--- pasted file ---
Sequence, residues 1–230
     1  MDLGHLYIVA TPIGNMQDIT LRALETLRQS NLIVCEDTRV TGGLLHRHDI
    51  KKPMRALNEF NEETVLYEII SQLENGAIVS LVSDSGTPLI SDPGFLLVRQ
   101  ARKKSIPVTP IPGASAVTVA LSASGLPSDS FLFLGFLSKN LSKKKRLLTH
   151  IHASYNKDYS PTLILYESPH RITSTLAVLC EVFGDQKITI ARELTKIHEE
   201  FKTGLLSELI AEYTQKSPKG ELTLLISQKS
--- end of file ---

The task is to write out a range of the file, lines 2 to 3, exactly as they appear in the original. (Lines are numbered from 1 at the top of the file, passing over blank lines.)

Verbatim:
     1  MDLGHLYIVA TPIGNMQDIT LRALETLRQS NLIVCEDTRV TGGLLHRHDI
    51  KKPMRALNEF NEETVLYEII SQLENGAIVS LVSDSGTPLI SDPGFLLVRQ